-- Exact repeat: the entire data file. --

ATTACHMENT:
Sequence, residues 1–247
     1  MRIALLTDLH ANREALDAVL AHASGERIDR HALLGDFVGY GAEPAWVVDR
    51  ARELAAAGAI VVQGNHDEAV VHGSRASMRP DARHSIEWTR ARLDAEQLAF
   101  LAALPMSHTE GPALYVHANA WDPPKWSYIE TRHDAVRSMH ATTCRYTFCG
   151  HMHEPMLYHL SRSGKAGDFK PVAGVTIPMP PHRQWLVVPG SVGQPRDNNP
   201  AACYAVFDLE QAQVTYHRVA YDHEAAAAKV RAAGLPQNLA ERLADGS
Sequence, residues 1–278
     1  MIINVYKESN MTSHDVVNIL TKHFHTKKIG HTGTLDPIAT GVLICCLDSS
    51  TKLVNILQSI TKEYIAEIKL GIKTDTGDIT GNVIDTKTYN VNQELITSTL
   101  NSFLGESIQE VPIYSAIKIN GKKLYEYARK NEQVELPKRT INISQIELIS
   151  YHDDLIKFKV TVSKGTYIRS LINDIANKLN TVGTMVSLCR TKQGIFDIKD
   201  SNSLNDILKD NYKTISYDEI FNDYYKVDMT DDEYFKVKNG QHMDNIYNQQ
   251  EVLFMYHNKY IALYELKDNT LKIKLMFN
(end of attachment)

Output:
Sequence, residues 1–247
     1  MRIALLTDLH ANREALDAVL AHASGERIDR HALLGDFVGY GAEPAWVVDR
    51  ARELAAAGAI VVQGNHDEAV VHGSRASMRP DARHSIEWTR ARLDAEQLAF
   101  LAALPMSHTE GPALYVHANA WDPPKWSYIE TRHDAVRSMH ATTCRYTFCG
   151  HMHEPMLYHL SRSGKAGDFK PVAGVTIPMP PHRQWLVVPG SVGQPRDNNP
   201  AACYAVFDLE QAQVTYHRVA YDHEAAAAKV RAAGLPQNLA ERLADGS
Sequence, residues 1–278
     1  MIINVYKESN MTSHDVVNIL TKHFHTKKIG HTGTLDPIAT GVLICCLDSS
    51  TKLVNILQSI TKEYIAEIKL GIKTDTGDIT GNVIDTKTYN VNQELITSTL
   101  NSFLGESIQE VPIYSAIKIN GKKLYEYARK NEQVELPKRT INISQIELIS
   151  YHDDLIKFKV TVSKGTYIRS LINDIANKLN TVGTMVSLCR TKQGIFDIKD
   201  SNSLNDILKD NYKTISYDEI FNDYYKVDMT DDEYFKVKNG QHMDNIYNQQ
   251  EVLFMYHNKY IALYELKDNT LKIKLMFN